This is the cost of diesel required and that is what the experts told us. So, we are thinking of converting it to LPG so that we can get cheaper means of running the IPP. We have been receiving interested investors into that and they are coming to Sokoto to inspect the plant. So, we are committed to that and I can tell you that there is no way we will allow the huge funds invested to be wasted.

Tell us the progress made so far since the declaration of state of emergency in the education sector in the state?

The declaration of state of emergency in the education sector is still on course. Take your time and go to the Shehu Shagari College of Education and Sultan Abdulrahman School of Health Technology, what you will see there is a state of decay of infrastructure. The general state of infrastructure like libraries, laboratories and classrooms are in state of dilapidation in a lot of schools and this is because these concerns were not addressed in the past.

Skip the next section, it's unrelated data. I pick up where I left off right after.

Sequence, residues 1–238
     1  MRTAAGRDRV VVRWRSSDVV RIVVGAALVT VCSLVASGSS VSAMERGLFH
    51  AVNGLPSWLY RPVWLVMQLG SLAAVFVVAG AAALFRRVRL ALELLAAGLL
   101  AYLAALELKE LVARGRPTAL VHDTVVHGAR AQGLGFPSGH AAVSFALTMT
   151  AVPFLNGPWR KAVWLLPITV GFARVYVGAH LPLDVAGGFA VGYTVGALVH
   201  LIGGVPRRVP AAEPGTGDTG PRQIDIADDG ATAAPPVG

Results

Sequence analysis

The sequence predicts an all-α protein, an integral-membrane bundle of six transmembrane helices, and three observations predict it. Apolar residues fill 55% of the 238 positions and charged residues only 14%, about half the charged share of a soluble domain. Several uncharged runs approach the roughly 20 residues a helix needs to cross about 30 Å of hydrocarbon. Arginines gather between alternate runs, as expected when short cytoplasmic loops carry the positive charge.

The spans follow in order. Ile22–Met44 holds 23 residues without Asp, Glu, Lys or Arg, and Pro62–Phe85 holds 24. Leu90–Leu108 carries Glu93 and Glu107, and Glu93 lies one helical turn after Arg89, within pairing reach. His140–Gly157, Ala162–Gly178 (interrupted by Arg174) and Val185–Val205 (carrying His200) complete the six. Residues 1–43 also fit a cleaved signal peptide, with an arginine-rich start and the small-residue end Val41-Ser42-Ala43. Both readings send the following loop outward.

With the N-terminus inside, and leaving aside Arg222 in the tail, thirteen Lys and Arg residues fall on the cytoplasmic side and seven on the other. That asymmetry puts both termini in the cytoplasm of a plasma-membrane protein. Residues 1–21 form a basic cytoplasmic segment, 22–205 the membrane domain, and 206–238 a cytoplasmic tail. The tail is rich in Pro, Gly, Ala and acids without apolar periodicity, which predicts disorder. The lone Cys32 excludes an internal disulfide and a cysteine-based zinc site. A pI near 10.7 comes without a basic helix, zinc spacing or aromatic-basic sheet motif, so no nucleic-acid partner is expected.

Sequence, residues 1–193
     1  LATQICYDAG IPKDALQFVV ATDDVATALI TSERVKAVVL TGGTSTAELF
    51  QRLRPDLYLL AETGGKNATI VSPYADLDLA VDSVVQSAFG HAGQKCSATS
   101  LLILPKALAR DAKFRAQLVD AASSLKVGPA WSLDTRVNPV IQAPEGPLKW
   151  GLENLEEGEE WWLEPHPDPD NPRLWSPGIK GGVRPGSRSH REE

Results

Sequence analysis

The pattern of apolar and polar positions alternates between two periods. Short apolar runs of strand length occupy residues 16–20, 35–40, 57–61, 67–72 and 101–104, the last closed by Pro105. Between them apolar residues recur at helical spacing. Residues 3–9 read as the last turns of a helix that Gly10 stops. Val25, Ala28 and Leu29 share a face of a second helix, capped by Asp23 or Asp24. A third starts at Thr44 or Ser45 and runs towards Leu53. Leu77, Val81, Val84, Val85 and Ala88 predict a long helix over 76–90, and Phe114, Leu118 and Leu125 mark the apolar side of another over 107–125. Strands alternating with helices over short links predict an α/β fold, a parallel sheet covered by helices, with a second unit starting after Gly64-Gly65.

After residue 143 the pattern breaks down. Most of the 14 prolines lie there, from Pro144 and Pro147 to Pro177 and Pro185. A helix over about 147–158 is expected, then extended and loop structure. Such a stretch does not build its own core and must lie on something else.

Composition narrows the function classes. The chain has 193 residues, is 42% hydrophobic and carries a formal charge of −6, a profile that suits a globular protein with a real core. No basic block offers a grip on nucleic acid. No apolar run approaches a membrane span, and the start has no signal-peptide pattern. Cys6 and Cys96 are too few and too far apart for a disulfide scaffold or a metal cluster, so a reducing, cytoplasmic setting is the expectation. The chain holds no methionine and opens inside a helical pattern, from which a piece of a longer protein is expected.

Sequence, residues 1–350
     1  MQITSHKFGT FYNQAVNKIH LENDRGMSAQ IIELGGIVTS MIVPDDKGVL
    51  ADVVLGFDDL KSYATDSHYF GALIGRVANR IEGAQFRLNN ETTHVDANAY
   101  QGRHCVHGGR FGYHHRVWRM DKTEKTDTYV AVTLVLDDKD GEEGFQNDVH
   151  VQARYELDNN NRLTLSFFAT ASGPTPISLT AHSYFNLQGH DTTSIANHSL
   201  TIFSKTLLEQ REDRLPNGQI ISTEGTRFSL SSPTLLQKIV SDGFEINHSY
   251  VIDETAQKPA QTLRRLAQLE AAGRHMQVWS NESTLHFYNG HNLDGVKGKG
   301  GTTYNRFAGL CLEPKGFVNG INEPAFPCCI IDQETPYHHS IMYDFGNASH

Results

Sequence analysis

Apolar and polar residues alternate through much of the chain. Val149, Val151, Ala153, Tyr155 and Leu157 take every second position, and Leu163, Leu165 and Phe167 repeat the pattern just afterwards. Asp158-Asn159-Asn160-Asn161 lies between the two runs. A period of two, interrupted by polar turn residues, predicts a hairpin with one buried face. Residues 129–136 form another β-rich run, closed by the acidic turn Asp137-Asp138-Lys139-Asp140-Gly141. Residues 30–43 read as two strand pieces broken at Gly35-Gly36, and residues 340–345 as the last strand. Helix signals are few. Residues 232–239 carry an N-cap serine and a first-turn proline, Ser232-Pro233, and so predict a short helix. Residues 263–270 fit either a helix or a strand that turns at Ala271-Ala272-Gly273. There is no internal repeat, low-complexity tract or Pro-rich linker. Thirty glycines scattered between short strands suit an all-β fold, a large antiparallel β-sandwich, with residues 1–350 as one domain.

If you remember, I recently received the report of the technical committee on the needs assessment of about 400 schools in Sokoto and we need about N47 billion to turn them around. I can tell you that we have no less than 2300 schools comprising primary and secondary in the state. This estimate is only covering about 400 schools.

The funding gap is very high. We are approaching World Bank to see how we can get funding. We are aware of the level of dilapidation in the schools but we need a lot of resources to fix them.

The general infrastructure of these schools such as laboratories, libraries, teachers’ accommodation, hostels are in dire need of attention. But overall, the declaration has helped us in Sokoto to fully appreciate what is needed and the roadmap to take to fix them.

Already we have received positive marks from international agencies like the UNICEF, ActionAid, World bank and others.We will continue with what we are doing until the desired objective is achieved.